On 3 or 4 January a combat patrol operation at company strength -- supported by the main body of the artillery and all heavy weapons of the regiment on the right -- was carried out on an enemy island of resistance located on the height of the northern slope of Ringel. We did not succeed in capturing this island of resistance in spite of carefully directed artillery support with observed fire, because the combat patrol was fired at heavily from the flanks by islands of resistance which had not been recognized before and it was almost completely shot to pieces by the enemy artillery barrage opened shortly afterwards. Heavy losses were suffered, only men of the combat patrol were able to fight their way back on their own.

This unsuccessful attempt on the hill near Ringel had been proof to our command that this hill was strongly occupied and that the American commanders were aware of its value, for a continuation of the attack over the Sauer, south of Goesdorf, towards the north, with the aim of capturing the heights of the southern bank of the Wiltz, was only possible given possession of this hill.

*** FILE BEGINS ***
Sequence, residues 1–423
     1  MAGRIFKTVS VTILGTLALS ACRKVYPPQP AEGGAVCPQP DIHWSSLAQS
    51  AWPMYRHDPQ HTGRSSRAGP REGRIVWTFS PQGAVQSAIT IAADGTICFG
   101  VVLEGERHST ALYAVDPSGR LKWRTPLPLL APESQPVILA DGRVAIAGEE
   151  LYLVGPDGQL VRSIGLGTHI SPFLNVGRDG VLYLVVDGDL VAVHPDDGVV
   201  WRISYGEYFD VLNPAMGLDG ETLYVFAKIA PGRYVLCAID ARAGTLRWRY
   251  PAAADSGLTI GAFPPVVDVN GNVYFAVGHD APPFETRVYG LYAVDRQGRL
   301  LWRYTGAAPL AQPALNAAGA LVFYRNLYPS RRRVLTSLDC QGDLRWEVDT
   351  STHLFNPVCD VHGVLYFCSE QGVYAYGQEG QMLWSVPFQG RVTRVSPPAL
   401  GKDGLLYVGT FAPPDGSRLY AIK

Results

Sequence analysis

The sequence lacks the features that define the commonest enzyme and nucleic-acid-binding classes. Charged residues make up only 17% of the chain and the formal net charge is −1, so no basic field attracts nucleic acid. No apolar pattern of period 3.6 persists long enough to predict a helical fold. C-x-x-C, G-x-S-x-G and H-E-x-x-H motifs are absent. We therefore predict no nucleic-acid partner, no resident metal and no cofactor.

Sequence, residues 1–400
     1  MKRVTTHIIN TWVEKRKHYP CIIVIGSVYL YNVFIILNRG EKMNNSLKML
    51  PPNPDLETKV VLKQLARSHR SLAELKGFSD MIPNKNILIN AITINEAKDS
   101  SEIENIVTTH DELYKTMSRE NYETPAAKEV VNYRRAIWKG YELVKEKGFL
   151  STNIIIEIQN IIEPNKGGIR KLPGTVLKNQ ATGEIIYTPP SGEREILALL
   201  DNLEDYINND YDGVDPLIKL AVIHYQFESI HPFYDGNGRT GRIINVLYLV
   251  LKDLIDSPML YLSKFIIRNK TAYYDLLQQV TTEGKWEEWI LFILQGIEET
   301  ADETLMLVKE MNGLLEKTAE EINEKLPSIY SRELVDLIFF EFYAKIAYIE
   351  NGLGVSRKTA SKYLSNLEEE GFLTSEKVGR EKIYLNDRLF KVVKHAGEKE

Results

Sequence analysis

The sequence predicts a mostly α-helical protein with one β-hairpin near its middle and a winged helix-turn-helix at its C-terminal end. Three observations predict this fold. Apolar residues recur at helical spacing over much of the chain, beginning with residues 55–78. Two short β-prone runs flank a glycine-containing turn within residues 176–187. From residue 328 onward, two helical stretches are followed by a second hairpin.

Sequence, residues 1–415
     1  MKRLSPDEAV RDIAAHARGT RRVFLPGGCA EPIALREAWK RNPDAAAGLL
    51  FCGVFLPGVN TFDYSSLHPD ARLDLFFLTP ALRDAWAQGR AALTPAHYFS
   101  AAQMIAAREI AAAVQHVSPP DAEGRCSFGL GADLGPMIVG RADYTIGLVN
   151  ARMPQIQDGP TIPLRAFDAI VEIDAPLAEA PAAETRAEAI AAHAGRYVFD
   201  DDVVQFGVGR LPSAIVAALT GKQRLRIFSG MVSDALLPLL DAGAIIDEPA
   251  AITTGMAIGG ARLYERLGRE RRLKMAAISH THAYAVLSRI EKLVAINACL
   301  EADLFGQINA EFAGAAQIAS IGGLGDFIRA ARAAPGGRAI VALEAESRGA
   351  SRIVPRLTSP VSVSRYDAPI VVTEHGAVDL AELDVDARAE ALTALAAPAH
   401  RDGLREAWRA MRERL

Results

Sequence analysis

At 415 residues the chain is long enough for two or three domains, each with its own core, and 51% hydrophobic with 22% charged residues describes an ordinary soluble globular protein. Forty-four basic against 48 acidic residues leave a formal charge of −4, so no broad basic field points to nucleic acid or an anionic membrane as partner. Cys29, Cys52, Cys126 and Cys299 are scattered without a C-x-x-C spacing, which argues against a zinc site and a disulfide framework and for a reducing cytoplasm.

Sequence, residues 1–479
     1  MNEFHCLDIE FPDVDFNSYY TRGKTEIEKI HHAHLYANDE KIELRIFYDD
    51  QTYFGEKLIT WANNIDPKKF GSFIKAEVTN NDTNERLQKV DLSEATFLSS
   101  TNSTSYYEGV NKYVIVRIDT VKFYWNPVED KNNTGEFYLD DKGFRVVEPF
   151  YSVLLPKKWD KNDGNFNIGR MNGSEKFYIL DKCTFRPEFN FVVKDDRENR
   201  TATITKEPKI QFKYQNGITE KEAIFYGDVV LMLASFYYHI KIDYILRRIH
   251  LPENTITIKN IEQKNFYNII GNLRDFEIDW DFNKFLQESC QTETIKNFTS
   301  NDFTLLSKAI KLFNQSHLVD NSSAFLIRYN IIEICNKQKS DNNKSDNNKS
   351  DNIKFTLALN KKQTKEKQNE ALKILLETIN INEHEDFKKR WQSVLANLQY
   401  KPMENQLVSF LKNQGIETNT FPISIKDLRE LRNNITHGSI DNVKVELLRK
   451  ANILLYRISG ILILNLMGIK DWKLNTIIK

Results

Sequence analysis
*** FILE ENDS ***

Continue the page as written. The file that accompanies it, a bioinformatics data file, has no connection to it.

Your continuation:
On 6 January a strong enemy attack was launched in the sector of the brigade on the right (Pionier brigade), via Goesdorf towards Dahl. Dahl fell into enemy hands. It was to be expected that the Americans would continue their attacks as far as the river Wiltz. These attacks in a northerly direction were not of particular significance to the further holding of the bridgehead. However, we had to figure on the enemy attacks spreading as far as the region of Masseln in the course of the next few days, which would have made the further holding of the bridgehead impossible. In cognizance of the consequences arising from this new situation -- one regiment was pulled out of the defensive position and transferred into the region of Masseler during the night of 6/7 January and the day of 7 January.